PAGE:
Owners Adam Kado and Hosie Thurmond are steadily — and thoughtfully — expanding around the metro: “It’s bigger than us at this point.”
Slice Brothers Pizza opened its first location in 2021 on a wedge of Northeast Minneapolis pavement that, almost too fittingly, is shaped like a piece of the New York-style pizza it serves. (It’s since been painted with brick-red pepperonis and shitake mushrooms.) In the mere two years since, owners Adam Kado and Hosie Thurmond have expanded Slice to three additional locations: Midtown Global Market, Frogtown, and now the Mall of America, where they’ll cut the ribbon in October. In light of this rapid expansion, it’s tempting to ask: Is Slice building the Twin Cities’ next pizza empire?
“It’s really easy to say yes, we are, but I don’t think that that’s where our why is,” says Thurmond. “Our why really isn’t to build a pizza empire. Our why is to distribute affordable pizza. It turned out that that’s needed in a lot more areas of the Twin Cities and — who knows — the region or wherever. We continue to take those opportunities.”
Slice is modeled like a classic New York slice shop, which are few and far between in the Twin Cities pizza scene. Its slices have a crunchy, cracker-like crust, and classic toppings like pepperoni, sausage, and buffalo chicken. They’re eminently foldable and around $5 each. “We’re not out here like ‘Hey, big pizza coming to town,’” Thurmond says, laughing. “But if communities continue to be receptive to it, then we are too.”
Slice is Minneapolis’s first Black-owned pizzeria — its mission, beyond serving great pizza, is creating jobs and leveraging business ownership to build generational wealth for communities of color. Thurmond and Kado are lifelong best friends; they grew up together in St. Paul. “I’m the pragmatist and Hosie’s the visionary,” says Kado. He’s been a little resistant to each new expansion, he says, but the opportunities keep coming. “I love what we do, I love the communities we’re involved with. I like to keep it square, and in-state, serving the people that have been loyal to us. But obviously, we can create jobs, expand our reach, and make a difference in a lot of places. With the viability of the concept, we’re kinda forced to do this. It’s bigger than us at this point.”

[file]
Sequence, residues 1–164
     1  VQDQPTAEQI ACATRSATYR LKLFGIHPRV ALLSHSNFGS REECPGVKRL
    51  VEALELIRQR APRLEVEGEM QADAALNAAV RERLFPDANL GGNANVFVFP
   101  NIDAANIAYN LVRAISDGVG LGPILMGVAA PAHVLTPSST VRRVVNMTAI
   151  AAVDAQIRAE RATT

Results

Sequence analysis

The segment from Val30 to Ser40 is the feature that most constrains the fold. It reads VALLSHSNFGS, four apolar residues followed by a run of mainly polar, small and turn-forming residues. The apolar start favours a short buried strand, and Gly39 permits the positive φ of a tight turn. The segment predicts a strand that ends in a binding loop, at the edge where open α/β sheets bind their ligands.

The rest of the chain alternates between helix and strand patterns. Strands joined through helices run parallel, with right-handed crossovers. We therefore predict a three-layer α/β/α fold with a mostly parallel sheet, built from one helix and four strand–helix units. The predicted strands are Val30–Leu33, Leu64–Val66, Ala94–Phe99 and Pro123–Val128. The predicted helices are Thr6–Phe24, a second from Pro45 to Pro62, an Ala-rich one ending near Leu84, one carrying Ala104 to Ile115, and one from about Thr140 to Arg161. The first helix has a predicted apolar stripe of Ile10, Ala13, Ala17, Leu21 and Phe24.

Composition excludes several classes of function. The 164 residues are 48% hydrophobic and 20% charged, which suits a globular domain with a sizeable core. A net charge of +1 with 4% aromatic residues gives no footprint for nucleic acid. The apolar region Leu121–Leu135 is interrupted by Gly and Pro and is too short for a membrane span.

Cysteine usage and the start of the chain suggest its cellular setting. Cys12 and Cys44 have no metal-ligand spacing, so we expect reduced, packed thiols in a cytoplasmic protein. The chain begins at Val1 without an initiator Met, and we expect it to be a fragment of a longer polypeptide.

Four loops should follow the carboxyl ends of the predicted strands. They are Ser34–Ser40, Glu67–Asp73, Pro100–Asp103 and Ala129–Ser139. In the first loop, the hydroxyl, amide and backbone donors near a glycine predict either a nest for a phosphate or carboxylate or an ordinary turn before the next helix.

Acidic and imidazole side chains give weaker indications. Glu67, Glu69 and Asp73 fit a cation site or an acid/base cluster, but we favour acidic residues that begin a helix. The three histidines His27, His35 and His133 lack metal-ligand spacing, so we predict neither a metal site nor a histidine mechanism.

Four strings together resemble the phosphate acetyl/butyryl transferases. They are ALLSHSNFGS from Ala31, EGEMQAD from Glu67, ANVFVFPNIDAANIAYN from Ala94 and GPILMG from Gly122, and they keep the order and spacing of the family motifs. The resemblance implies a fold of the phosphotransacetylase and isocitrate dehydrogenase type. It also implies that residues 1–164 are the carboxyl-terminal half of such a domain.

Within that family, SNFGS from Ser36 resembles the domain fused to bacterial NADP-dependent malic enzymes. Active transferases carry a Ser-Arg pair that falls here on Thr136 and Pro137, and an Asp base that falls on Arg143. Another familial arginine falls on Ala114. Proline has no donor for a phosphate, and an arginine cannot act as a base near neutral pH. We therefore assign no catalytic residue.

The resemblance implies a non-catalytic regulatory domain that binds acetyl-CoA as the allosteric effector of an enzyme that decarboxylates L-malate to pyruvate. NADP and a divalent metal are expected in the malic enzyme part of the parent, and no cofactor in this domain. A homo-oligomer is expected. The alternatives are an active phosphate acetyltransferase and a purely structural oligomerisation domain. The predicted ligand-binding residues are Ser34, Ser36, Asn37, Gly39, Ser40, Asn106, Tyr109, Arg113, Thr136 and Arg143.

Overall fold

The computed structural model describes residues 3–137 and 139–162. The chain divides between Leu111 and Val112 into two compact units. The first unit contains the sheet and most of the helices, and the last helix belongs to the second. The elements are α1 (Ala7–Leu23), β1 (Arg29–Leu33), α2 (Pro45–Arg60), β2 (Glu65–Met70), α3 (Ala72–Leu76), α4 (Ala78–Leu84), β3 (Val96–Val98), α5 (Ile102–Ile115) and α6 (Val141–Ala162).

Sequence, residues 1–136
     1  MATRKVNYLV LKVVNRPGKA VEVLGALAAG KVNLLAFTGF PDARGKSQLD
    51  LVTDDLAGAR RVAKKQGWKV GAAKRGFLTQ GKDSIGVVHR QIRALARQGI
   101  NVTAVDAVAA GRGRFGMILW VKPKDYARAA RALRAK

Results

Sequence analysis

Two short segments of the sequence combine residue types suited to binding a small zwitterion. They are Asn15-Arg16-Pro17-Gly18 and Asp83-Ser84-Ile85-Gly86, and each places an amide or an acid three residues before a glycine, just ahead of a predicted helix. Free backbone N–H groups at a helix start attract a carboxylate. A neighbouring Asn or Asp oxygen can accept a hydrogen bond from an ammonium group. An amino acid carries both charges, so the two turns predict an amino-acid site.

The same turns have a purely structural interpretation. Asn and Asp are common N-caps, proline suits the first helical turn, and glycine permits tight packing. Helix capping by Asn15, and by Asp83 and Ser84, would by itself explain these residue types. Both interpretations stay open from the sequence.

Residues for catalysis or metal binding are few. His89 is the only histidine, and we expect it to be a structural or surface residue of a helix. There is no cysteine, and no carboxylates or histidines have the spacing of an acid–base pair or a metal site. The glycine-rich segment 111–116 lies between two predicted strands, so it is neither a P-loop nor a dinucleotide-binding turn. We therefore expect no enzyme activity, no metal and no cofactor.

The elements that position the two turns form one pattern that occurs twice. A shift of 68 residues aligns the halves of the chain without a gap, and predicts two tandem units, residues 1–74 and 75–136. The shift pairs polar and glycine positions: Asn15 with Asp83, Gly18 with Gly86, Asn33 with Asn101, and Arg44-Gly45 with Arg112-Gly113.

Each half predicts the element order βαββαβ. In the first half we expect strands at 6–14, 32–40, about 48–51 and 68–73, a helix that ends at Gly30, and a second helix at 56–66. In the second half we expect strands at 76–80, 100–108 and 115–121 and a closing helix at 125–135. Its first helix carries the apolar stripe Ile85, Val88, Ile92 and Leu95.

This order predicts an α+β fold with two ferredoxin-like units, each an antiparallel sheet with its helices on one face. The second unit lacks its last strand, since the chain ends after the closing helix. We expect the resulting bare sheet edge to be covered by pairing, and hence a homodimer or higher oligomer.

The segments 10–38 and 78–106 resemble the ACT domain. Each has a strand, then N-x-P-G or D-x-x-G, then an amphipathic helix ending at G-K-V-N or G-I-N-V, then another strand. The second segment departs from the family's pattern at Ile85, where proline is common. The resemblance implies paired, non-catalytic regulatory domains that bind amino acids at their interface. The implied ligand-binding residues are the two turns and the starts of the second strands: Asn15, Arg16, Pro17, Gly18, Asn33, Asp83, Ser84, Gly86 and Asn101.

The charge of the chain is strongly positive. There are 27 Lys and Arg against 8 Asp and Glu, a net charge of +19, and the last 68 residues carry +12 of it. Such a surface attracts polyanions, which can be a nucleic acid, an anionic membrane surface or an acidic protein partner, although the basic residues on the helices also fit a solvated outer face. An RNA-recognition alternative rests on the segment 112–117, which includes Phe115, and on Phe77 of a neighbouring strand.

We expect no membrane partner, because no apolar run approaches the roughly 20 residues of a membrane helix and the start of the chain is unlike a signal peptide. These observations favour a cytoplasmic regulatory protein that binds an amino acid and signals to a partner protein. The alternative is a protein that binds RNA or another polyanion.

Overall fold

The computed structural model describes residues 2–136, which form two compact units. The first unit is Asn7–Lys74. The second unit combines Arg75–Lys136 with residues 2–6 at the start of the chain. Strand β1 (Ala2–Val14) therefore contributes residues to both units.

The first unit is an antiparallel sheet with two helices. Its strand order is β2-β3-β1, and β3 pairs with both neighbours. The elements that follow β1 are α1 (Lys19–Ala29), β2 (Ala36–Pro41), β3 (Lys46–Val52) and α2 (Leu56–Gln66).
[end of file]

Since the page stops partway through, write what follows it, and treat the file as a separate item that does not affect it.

Slice’s newest location is in Frogtown, near the intersection of University and Dale. (It’s the neighborhood’s only pizzeria.) Kado and Thurmond got connected with the space through the Neighborhood Development Center, a St. Paul organization that supports local entrepreneurs. Kado says he doesn’t think many restaurants would be willing to set up shop in Frogtown as compared to a neighborhood like the North Loop, where there are more commercial corridors — but if they can create 10 or 15 jobs, he’s not going to compare the numbers.
Despite Kado and Thurmond’s success in their first two years, though, it’s not all smooth sailing. They still sometimes face financing issues, and, in Kado’s words, have to “bootstrap” without the safety net that comes with generational wealth. They reach one hurdle and another comes — meanwhile, they’re eternally battling other peoples’ expectations. “We continue to have to prove ourselves with each deal and each new piece of attention we get,” says Thurmond. “We have to continue pushing forward, and it’s hard. It’s a taxing thing.”
Ultimately, Slice’s growth has proved to be a delicate balance for its owners. As they move forward, Kado and Thurmond say, they’re open to new opportunities, but their mission stays at the core. “We have to do this the right way, where we’re not just turning into fat cats — we still have our ethical code and our morals and our values that have gotten us to this place,” says Kado. “Finding balance is tough. Me and Hosie are just guys from the neighborhood, and now we’re in this position. Man, we’re in a different world meeting different people. We’re really pleased with that. But it comes with a lot.”